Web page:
A Call to Educators' Consciences in a Campaign that Challenges Them and Us

by Shawn Healy, PhD, Civic Learning Scholar

When crafting the roll out of the #CivicsIsBack Campaign, we made a conscious decision to pair our course implementation efforts with the teachable moment that is the 2016 Election. There’s nothing like the prominence of and participation in a presidential election, and on this level, the current campaign hasn’t disappointed.

However, the campaign has defied convention at every juncture and tested pedagogical commitments to objectivity and non-closure of teachers’ political views. While we have written previously on these subjects, it would constitute professional malpractice to rest our case in light of recent developments.

At the presidential level, the 2016 campaign has been historic for both parties. A crowded Republican field of 17 contenders, paired with grossly disproportionate media coverage, paved the way for political novice Donald Trump to capture the party’s nomination over fierce establishment opposition. Trump has proceeded to realign the Republican Party with its white, working class base, using nativist and nationalist appeals that resonate deeply with a sizable minority of the electorate.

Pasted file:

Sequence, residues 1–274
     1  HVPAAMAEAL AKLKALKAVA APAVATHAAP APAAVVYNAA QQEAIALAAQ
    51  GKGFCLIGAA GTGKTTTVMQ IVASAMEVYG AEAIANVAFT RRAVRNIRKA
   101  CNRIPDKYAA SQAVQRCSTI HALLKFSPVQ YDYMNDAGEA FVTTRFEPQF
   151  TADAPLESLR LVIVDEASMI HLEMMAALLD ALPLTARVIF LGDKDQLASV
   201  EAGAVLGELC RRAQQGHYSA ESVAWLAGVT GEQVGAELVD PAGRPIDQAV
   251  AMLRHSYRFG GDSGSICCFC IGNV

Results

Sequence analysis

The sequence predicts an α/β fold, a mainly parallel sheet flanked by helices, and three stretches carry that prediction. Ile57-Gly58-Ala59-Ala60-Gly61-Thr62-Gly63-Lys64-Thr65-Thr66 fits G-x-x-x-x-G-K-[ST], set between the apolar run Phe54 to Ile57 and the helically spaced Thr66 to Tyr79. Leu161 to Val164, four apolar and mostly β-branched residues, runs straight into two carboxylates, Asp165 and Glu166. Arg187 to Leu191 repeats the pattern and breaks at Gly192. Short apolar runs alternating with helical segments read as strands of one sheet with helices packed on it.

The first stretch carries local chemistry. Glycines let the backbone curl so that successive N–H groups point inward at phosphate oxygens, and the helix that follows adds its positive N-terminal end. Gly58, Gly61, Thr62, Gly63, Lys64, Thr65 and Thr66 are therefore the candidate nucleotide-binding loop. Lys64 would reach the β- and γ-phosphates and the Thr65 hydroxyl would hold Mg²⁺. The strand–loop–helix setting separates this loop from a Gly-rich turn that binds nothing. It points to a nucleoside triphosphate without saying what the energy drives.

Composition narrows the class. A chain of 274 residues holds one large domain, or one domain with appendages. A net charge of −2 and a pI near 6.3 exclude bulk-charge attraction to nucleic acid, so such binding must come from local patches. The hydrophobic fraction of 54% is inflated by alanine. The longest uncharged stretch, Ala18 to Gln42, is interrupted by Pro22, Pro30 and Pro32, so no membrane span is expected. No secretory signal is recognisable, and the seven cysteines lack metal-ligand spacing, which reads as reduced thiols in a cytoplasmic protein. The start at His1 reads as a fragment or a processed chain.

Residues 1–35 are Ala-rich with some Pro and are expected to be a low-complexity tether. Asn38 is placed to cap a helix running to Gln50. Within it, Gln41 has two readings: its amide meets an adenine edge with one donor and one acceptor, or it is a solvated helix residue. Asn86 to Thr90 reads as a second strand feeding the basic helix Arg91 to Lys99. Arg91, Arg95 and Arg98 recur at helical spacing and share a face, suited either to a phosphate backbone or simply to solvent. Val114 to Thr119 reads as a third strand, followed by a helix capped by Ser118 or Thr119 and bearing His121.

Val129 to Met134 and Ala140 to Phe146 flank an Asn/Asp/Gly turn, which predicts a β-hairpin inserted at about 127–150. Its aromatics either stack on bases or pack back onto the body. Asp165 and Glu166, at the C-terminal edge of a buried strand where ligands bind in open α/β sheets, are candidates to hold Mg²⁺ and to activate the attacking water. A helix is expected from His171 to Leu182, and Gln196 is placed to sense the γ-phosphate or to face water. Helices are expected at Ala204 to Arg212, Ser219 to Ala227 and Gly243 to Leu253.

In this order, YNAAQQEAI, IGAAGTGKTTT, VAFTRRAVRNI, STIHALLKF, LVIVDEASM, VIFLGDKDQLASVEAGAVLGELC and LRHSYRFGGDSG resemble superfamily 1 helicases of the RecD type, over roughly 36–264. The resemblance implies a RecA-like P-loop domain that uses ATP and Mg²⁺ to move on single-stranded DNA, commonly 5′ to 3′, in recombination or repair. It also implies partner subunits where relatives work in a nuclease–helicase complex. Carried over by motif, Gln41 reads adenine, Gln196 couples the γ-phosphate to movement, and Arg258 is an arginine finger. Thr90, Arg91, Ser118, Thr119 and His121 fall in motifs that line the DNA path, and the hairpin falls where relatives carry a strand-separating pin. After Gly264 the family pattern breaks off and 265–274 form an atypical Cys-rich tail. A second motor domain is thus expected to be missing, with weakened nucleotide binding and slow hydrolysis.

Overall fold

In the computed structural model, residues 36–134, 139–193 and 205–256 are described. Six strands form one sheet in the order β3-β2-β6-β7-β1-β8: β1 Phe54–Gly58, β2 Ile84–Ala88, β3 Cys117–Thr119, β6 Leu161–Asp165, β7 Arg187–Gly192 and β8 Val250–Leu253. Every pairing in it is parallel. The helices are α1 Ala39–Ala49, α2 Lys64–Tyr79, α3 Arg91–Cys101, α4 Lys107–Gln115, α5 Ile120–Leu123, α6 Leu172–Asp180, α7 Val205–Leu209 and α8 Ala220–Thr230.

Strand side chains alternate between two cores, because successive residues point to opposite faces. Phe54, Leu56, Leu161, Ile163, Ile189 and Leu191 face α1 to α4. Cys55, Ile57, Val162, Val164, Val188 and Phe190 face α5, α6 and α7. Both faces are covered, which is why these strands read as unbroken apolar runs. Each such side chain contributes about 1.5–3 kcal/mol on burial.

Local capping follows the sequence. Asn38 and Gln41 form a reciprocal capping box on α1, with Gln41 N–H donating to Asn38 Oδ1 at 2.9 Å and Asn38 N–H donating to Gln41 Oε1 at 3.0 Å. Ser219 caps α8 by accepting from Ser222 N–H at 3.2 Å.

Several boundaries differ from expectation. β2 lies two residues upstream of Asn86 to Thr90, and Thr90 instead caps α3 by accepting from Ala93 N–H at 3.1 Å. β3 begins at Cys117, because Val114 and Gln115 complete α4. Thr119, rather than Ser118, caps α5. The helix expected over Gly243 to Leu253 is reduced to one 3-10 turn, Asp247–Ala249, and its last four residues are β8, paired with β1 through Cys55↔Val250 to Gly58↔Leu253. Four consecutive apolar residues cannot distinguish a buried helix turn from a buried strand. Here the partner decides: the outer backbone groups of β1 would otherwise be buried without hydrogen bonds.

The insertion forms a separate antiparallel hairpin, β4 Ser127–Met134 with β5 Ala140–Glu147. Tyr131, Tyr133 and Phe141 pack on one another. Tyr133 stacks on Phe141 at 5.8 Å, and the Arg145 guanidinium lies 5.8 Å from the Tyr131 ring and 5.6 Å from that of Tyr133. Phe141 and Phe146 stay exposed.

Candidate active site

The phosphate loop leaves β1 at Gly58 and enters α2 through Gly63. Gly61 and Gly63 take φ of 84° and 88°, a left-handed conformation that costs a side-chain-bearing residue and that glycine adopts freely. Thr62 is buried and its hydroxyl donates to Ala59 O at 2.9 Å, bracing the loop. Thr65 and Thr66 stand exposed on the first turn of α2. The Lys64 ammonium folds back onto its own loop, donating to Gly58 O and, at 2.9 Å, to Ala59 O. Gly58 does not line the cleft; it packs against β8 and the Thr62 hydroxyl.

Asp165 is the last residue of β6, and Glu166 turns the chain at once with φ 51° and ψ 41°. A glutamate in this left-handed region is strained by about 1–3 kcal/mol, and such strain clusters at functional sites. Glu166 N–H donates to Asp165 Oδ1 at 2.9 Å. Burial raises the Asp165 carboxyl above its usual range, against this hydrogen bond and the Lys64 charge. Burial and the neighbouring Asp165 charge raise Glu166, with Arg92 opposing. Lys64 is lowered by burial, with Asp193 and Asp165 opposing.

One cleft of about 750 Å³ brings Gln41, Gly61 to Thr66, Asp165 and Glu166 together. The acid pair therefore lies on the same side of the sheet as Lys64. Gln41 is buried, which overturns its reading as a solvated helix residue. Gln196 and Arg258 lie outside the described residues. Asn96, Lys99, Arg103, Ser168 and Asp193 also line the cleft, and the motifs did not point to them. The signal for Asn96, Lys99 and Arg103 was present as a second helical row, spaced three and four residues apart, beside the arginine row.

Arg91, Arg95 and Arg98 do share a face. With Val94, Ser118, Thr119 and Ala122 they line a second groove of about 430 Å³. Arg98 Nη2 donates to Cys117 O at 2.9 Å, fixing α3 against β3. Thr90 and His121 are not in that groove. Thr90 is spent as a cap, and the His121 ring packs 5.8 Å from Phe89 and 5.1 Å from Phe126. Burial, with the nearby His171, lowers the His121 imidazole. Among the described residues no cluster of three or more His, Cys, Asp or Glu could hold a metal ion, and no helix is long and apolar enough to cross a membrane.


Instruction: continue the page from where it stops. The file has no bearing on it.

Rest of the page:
While the establishment prevailed on the Democratic side, longshot candidate Bernie Sanders had deep appeal among young voters and forced a photo finish. Hillary Clinton made history in her own right in claiming the nomination and is on the cusp of shattering the ultimate glass ceiling.

The two major party nominees are historically unpopular and the general election campaign has been deeply disappointing. Rather than focusing on the daunting challenges facing this country, the campaign has devolved into below-the-belt personal attacks.

From his campaign announcement forward, Trump has proceeded to offend, even threaten, virtually every fabric of the American mosaic. Therefore, instead of exploring competing plans for deficit reduction of entitlement reform, teachers are left to use the campaign, and Trump in particular, as a foil for the society we seek to create with our students.

We don’t abandon our non-partisan credentials when we speak out against bullying, gender, racial, and ethnic discrimination, or demeaning veterans or individuals with disabilities. Trump’s tactics are an existential threat to our national motto, e pluribus unum, much less our historically diverse student body. They must therefore be summarily rejected.

Moreover, empirical facts matter in the political debates that define our democracy. As educators, we must always bring our students back here, as ad hominem attacks are mere distractions.

Come the morning of November 8, we will allow the chips to fall as they may, and voters, eligible students included, should be encouraged to follow their consciences. But we must not forget that helping students shape these consciences is among our most critical responsibilities as educators.

No comments :

Post a Comment